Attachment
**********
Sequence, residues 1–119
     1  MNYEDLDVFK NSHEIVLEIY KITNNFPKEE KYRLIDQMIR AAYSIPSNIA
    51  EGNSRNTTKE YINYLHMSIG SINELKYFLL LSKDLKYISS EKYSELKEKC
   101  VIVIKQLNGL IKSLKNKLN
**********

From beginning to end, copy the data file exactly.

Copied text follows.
Sequence, residues 1–119
     1  MNYEDLDVFK NSHEIVLEIY KITNNFPKEE KYRLIDQMIR AAYSIPSNIA
    51  EGNSRNTTKE YINYLHMSIG SINELKYFLL LSKDLKYISS EKYSELKEKC
   101  VIVIKQLNGL IKSLKNKLN